Tracking calories and macros is big in the fitness world and also pretty important for major weight loss. I see many benefits to it as well as fall-backs and inconveniences. The main benefit being that using it for long enough gives you an idea of what your diet should like like. You get used to eating the right foods in the right amounts. After it becomes a habit, you get a pretty good idea of what you need to meet your macro and calorie goals so it shouldn’t need be a long-term practice.
Consistently tracking your food helps avoid temptations too. If it’s junk and I have to track it, I avoid it. If I already planned my food for the day and plugged it in, I’m much less likely to go off book and “cheat”. Once I got serious about my fitness results was when I started using it long term. I don’t see a real benefit to using it if you don’t have serious fitness or weight loss goals. I also don’t see much of a benefit of using it long-term, which I did. For about a year I tracked consistently, only missing a few days here and there on the weekends.
I’m coming back to update this post because since the original post things have changed a bit. I stopped tracking for about a year. I plugged stuff in here and there to see how I was doing, mostly just to make sure I wasn’t falling too off-track. But logging for over a year got me way more obsessed with the numbers than the quality of food I was eating. I had anxiety about food and avoided social gatherings because of the tempting junk food and alcohol. My relationship with food became unhealthy. Believe it or not it actually took work to QUIT tracking at this point. This is where I believe tracking calories and macros becomes a problem. It’s also a problem when it takes up so much of your time and becomes a stressful puzzle, fitting together all the right foods to meet your goals.
There’s a balance you have to find with it and there are ways to make it much less anxiety-inducing. These are things I’m here to talk about today.
Save Meals, Recipes, and Foods for Faster Logging
I plug every recipe I eat into MFP because a lot of times I eat it all week so it will be easy to just go back into my recipes and find it. I use “meals” for combinations I’ve logged that typically all go together and that I eat frequently. For example, one day I logged my Huevos Rancheros as separate things instead of a recipe and I just saved it as a “meal”. This is convenient if the meal can sometimes vary slightly. Instead of having to edit the recipe, you can edit the individual items once you log the meal.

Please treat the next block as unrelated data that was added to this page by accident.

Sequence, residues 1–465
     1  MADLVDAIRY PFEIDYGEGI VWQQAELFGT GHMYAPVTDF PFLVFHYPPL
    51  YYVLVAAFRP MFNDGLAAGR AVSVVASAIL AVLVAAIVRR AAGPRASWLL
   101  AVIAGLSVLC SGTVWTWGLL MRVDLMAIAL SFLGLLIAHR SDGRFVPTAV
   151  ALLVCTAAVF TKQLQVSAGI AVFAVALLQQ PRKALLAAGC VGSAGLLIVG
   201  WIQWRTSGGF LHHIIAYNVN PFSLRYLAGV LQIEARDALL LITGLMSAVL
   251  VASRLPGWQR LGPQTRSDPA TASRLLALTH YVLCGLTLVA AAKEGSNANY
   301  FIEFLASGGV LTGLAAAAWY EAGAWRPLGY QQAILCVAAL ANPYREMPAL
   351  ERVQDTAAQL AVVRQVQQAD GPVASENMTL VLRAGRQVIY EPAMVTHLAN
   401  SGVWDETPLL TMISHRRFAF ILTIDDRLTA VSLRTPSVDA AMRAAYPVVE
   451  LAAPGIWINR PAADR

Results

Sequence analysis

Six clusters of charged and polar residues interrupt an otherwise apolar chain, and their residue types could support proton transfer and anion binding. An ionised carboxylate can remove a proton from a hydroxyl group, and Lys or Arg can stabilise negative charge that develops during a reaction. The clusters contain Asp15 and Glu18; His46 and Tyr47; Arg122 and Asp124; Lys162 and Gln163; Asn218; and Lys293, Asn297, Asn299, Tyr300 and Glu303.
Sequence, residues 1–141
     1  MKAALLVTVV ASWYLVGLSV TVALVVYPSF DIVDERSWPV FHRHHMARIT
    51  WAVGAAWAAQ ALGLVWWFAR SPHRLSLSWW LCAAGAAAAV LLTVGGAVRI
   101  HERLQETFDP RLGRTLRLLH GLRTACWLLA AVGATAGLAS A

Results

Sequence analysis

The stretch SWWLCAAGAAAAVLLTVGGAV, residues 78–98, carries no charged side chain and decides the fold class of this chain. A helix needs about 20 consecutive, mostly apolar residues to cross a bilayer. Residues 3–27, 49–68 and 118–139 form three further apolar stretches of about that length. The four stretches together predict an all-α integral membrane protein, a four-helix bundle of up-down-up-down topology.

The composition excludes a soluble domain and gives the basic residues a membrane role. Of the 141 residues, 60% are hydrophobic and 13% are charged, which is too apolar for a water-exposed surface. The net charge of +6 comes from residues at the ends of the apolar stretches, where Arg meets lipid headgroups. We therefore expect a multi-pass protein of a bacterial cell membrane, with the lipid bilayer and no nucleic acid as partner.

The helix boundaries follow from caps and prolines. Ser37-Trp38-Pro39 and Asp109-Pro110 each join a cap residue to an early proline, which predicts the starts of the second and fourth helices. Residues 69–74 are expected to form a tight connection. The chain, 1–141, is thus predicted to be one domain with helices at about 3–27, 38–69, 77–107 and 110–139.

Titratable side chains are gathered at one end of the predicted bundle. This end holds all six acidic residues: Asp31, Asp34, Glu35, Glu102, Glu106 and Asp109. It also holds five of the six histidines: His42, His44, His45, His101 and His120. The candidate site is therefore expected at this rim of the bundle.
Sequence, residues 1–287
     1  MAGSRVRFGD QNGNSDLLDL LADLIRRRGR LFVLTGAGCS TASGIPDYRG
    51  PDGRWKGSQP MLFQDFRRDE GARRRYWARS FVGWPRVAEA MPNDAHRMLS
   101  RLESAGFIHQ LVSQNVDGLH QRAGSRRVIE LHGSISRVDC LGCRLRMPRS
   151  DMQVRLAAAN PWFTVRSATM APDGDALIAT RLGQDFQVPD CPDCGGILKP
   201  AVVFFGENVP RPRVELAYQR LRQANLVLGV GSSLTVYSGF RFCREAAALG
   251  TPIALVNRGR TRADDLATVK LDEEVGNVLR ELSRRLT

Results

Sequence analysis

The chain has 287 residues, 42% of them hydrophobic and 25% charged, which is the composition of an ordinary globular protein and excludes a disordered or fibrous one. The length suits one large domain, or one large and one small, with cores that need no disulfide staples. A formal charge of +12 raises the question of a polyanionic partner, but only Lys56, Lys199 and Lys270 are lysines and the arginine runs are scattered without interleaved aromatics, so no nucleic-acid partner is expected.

Foods I save are typically created with fast food nutrition calculators. My regular Chipotle meal is saved in there as well as a couple others, but I don’t use the Foods category very much other than that. It’s just a way of entering a single item and all of it’s nutrient values manually. Most foods are already stored in the database though.
Plan Your Food for the Day and Stick To It
I plug everything into MFP for the day that I’m going to eat while I’m sipping my coffee in the morning (or the night before if I have time). Then that’s how I know what to pack to work with me and I usually stick closely to what I planned. As I’m updating this years later, I now have a new job requiring me to work through lunch and dinner (and somedays breakfast too), plus all my snacks, including pre and post workout. This requires planning in advance so I can bring everything with me. If that’s all I bring, that’s all I eat so I know I’ll stick to it.
To Save Time, Don’t Log Vegetables or Seasonings
I save time by not including seasonings in my recipes and if I’m just being a little lazy I don’t log my vegetables because their carbs are pretty negligible since they’re mostly fiber carbs. Their calorie count is next to nothing as well. I do log the oil I cooked them in since that counts for something. There are exceptions to this rule though. Things I DO log:
- Starchy vegetables – potatoes, corn
- Higher Carb Vegetables – carrots, squash
- Salty seasonings – blends that have a lot of salt in them, or salt itself.
The Bar Code Scanner is a Big Time-Saver
Use it! It’s improved so much from the original smartphone bar code scanners. Saves time searching for it or using a generic entry that might not be accurate. It’s important to have the right brand of something. Sometimes different brands can be very similar but not always.
It’s Okay to Miss a Day or Two
During my longest tracking stint, I probably missed or didn’t finish logging a handful of days. These are usually days where I went to parties/family dinners and didn’t have the recipes for things to log. Or cheat days! Which are few and far between for me. You don’t have to be perfect all the time. An occasional bad day is fine and actually can be good for you. Even when I have cheat meals I try to log the rest of what I ate. I would log the meal honestly but they’re hard to log accurately especially if it’s at a restaurant. My Fitness Pal has come out with their restaurant menus but the list of what’s available is still limited. Tracking the rest of my cheat day food gives me an idea of what I have room for so as not to go too overboard.